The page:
‘Life-saving’ peanut paste unlikely victim of Ukraine war

‘Life-saving’ peanut paste unlikely victim of Ukraine war
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Internally displaced people seat in a tent in the makeshift camp where they are sheltered in the village of Erebti, Ethiopia, on June 09, 2022. (AFP)
‘Life-saving’ peanut paste unlikely victim of Ukraine war
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A mother washes the face of a child in the makeshift camp where they are sheltered in the village of Erebti, Ethiopia, on June 09, 2022. (AFP)
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Updated 03 August 2022

‘Life-saving’ peanut paste unlikely victim of Ukraine war

‘Life-saving’ peanut paste unlikely victim of Ukraine war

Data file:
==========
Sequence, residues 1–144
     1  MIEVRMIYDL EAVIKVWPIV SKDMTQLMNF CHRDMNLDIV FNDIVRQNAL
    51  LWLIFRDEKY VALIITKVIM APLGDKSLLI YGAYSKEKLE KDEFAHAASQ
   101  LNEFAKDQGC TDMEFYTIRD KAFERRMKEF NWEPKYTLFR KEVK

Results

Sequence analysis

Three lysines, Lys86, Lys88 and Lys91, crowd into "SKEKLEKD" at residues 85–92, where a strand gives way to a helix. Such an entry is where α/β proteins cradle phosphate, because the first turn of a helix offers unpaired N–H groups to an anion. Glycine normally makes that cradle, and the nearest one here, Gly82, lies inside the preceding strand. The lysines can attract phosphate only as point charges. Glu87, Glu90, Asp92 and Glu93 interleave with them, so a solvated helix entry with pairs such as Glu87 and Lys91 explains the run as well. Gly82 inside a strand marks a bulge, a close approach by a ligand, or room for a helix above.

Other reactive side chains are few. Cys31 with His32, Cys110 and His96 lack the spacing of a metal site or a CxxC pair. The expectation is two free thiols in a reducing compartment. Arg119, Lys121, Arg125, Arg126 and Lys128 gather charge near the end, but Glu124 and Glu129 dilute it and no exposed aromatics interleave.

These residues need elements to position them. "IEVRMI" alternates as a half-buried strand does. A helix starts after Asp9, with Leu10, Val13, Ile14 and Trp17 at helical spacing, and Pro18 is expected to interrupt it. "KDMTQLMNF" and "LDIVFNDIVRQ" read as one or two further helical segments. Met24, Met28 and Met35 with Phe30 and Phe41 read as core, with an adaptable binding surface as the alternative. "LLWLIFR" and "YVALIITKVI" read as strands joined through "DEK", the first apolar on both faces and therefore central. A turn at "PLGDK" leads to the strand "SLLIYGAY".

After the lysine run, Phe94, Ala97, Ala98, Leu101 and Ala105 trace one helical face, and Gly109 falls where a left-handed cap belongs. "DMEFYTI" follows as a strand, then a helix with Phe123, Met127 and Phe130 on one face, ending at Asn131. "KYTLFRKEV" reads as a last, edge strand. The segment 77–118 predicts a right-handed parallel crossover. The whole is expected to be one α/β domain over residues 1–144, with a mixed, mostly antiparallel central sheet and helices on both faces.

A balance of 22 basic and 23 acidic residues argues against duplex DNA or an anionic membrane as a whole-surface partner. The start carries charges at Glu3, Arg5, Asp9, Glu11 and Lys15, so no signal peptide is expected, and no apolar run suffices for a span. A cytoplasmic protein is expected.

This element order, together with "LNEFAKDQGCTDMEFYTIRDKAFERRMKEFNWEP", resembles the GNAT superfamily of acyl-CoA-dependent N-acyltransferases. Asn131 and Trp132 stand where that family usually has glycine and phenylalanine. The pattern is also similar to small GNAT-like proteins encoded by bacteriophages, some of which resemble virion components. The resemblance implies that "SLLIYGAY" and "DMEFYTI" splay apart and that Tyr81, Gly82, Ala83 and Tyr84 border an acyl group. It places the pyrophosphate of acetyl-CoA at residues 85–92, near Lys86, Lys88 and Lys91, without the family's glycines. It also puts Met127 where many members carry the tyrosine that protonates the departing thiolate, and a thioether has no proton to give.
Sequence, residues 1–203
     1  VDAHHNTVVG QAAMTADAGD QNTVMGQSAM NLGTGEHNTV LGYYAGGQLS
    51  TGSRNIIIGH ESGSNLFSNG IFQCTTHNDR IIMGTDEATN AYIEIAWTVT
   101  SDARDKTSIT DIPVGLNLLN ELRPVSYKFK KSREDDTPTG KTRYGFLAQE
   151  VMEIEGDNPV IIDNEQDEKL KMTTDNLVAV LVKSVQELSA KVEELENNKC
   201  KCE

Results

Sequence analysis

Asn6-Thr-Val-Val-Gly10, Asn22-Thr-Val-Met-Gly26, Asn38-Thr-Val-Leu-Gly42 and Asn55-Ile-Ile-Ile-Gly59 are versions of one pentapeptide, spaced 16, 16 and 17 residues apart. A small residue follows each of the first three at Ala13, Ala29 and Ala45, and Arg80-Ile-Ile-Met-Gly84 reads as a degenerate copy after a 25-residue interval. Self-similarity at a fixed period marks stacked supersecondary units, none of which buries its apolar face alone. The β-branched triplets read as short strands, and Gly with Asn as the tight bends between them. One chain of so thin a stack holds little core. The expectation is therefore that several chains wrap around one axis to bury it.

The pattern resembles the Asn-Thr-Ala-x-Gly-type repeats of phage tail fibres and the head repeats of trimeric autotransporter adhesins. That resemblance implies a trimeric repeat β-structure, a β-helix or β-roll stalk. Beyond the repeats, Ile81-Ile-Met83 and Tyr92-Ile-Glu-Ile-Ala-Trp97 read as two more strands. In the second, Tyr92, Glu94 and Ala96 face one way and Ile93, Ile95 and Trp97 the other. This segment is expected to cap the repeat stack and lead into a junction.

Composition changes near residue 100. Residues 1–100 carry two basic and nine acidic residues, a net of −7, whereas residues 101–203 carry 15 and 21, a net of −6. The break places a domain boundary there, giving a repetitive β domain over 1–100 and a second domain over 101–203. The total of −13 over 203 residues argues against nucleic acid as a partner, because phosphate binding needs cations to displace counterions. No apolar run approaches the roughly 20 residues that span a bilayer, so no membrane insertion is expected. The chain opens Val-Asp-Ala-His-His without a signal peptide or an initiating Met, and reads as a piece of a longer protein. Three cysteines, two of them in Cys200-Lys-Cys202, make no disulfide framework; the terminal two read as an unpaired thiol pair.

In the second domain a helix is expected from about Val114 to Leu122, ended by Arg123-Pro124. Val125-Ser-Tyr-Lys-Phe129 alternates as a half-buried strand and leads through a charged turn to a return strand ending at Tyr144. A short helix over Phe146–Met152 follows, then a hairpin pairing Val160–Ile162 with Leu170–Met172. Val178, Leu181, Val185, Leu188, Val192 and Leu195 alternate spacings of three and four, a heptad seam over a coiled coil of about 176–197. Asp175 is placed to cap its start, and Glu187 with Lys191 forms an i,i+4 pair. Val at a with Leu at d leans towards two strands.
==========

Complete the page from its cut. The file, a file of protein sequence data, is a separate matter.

• As 1.7 million children face starvation in drought-stricken Horn of Africa, the cost of these life-saving supplements is skyrocketing 
  • UNICEF says the conflict in Ukraine is making ready-to-use therapeutic food (RUTF) more expensive to manufacture and procure

MARSABIT, Kenya: Under an acacia tree in Kenya’s drought-ravaged north, malnourished infants feed on sticky mouthfuls of a nutrient-dense peanut paste long used to prevent child starvation in disasters across the globe.
This wonder food can mean the difference between life and death for a child in hard-hit Marsabit, where aid workers say young children are perishing in conditions that border on famine.
“If we ran out of these, more deaths would be recorded very soon,” James Jarso of aid group World Vision said of the sachets being distributed by charity workers in the parched and isolated village of Purapul.